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Parting Thoughts: Three keys to meeting the climate challenge

After a total of 15 years with ISC, Steve Nicholas is moving on to lead the climate, clean air and sustainable practices program at the Northwest Seaport Alliance, a joint venture of the marine ports in Seattle and Tacoma that constitutes the fourth-largest seaport in North America. There, Steve will be working to improve air quality and quality-of-life in the central Puget Sound region, and achieve carbon neutrality by 2050. In advance of his departure, we asked him to share some of the key lessons he’s learned during his work with ISC to tackle climate change in cities throughout the United States.

When I left my job as the City of Seattle’s first sustainability director back in 2008 to come build, launch, and lead the Institute for Sustainable Communities’ US Program, the urban climate movement was in its infancy. Most cities had yet to “get it”: that global warming was in fact an urgent local priority, responsibility, and opportunity. And virtually all of the nonprofits and foundations who were active in “the climate space” at that time were focused primarily on international pacts and federal policies — creating a “cap-and-trade” system, in particular. 

But while those intensive, well-intended, and quite large investments of time and money — heartbreakingly — went next to nowhere, the urban climate movement took off. Today, countless cities in the U.S. and abroad, amply supported by organizations such as the Urban Sustainability Directors Network and the C40 Climate Leaders Group, are taking serious and systematic climate action. Just about every national environmental organization — from the Natural Resources Defense Council to the World Wildlife Fund — has an urban climate program now. And many more (though still not enough) foundations are supporting local climate leadership.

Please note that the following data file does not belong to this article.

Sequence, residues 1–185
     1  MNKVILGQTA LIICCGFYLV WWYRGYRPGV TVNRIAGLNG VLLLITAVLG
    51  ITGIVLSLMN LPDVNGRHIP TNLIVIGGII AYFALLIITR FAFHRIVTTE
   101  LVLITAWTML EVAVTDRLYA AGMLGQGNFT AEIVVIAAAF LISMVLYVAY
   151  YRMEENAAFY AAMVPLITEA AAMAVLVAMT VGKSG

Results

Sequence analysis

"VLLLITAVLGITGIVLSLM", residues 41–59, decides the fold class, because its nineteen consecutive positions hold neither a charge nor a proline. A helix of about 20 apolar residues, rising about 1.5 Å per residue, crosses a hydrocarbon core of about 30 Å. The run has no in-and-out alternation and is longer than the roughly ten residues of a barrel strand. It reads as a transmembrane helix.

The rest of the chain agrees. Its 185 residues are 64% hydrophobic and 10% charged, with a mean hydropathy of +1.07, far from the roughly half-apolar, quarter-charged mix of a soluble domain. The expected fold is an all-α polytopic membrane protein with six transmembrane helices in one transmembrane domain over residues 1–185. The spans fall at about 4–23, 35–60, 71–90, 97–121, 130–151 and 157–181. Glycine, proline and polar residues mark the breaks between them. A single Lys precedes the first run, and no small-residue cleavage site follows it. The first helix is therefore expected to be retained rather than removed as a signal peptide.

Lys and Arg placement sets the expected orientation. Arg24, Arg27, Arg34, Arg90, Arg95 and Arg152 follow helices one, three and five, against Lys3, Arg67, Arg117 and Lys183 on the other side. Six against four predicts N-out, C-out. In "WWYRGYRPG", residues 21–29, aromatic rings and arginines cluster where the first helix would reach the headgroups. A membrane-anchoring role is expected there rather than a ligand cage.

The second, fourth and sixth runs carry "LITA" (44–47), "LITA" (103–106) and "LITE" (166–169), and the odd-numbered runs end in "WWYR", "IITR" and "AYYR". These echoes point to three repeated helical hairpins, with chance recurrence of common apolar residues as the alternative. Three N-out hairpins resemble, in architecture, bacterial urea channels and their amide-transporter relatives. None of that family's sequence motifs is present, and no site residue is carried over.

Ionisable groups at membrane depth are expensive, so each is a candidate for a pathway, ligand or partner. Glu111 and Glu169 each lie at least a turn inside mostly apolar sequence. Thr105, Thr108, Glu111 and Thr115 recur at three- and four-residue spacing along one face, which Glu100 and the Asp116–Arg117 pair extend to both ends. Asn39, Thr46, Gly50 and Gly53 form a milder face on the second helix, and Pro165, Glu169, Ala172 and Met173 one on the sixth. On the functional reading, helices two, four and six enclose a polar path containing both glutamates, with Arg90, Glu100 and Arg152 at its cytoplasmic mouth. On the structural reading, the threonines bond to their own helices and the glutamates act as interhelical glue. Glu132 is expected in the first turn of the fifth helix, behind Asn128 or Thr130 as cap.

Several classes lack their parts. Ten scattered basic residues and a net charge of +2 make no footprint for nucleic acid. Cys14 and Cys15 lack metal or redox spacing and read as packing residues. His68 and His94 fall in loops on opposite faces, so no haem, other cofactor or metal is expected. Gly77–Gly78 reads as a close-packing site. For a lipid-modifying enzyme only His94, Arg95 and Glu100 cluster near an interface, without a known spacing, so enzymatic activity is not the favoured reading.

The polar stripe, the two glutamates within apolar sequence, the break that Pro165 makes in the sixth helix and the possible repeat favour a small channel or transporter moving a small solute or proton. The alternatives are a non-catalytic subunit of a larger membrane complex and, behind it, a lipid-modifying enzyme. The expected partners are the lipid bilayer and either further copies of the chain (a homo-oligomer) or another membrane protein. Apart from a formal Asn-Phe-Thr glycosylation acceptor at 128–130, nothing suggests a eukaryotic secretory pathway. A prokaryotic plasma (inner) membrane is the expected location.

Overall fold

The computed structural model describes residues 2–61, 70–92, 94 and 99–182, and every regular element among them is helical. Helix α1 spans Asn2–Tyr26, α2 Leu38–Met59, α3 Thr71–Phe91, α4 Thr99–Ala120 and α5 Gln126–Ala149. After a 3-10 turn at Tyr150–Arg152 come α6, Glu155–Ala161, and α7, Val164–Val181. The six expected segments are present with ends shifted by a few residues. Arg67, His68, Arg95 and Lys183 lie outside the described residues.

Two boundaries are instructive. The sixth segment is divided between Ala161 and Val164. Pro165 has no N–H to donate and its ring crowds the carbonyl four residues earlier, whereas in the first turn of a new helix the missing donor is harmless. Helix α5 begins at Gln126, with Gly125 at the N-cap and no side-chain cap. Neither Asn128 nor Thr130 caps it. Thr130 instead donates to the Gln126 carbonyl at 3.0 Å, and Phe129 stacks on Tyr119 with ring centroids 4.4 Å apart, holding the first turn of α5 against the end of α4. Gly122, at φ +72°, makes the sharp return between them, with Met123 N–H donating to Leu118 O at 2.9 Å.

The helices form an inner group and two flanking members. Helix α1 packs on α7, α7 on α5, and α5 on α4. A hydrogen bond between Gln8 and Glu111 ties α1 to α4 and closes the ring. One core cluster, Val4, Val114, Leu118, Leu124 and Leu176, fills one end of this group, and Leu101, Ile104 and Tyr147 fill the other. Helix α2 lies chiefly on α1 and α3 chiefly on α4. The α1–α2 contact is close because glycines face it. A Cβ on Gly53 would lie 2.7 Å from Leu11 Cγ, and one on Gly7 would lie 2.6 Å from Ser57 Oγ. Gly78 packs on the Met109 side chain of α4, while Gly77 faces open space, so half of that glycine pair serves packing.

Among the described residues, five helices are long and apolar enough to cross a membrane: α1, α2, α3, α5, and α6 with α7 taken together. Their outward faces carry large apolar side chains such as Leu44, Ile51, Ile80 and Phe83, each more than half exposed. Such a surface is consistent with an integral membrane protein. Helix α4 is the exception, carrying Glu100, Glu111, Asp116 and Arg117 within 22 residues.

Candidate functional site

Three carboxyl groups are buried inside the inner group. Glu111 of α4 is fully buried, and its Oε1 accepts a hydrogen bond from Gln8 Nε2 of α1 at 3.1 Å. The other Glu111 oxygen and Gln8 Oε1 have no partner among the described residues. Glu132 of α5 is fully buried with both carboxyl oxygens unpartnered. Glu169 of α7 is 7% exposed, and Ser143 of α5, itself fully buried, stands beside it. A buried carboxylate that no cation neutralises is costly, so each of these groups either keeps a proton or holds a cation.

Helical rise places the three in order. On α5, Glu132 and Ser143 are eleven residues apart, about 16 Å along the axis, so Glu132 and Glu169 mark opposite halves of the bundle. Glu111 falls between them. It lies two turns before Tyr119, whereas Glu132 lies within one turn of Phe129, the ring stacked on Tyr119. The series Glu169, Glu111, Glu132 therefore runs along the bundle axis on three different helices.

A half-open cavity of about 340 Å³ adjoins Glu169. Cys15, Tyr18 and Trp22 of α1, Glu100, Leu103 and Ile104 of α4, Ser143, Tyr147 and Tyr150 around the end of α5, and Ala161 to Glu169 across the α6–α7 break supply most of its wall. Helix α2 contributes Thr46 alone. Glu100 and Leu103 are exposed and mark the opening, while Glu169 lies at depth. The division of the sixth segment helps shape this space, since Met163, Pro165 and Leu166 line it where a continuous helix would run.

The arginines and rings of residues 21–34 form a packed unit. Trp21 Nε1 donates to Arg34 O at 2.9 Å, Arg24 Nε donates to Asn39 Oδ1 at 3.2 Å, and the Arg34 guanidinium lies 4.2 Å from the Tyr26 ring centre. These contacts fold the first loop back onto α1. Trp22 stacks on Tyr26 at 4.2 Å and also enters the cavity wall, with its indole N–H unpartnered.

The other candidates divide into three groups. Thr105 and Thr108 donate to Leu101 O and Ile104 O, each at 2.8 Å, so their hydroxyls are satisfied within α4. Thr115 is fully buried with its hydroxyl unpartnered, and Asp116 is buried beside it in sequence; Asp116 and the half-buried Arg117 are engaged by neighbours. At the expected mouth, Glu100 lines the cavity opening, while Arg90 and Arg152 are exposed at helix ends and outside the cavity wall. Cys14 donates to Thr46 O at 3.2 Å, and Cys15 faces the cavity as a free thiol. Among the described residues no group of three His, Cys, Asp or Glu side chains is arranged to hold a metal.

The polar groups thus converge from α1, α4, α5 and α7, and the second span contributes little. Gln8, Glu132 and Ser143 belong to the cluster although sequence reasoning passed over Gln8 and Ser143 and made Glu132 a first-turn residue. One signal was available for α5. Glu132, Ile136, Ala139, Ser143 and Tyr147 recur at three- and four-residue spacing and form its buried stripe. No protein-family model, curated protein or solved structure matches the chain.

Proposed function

All of this adds up to tons of progress, and I’m proud of the role that ISC has played — and will continue to play — in making that happen. 

And yet, we’re collectively failing. Miserably. Global climate pollution continues to increase, steadily and seemingly inexorably. We need to be in drawdown, but instead we’re in uptick. While some early-adopter cities are making good progress, in many places more than a decade of focused attention and investment is barely keeping pace with growth. Meanwhile, climate disruption has metastasized, from emerging concern to urgent problem to full-on emergency, to the point where an increasing number of people-in-the-know are coming to the painful conclusion that it’s time to begin preparing for the worst.

Personally, I’m not ready to throw in the towel. I remain hopeful that we will bend this curve, for the same reason I’ve come to peace with the aging process: it’s better than the alternative. But there’s no question in my mind that time is running out; we need to do more — and better, and faster. It’s still true as it was back in 2008, that we need stronger and more cohesive national and international action – in particular price signals that favor the production and consumption of good stuff (e.g. renewable energy, mass transit, electric vehicles, etc.) over bad stuff (e.g. fossil fuel-burning power plants and gas guzzlers, etc.). But we need more and better local action, too. In particular, in 2020 and beyond I hope to see much more of these three things: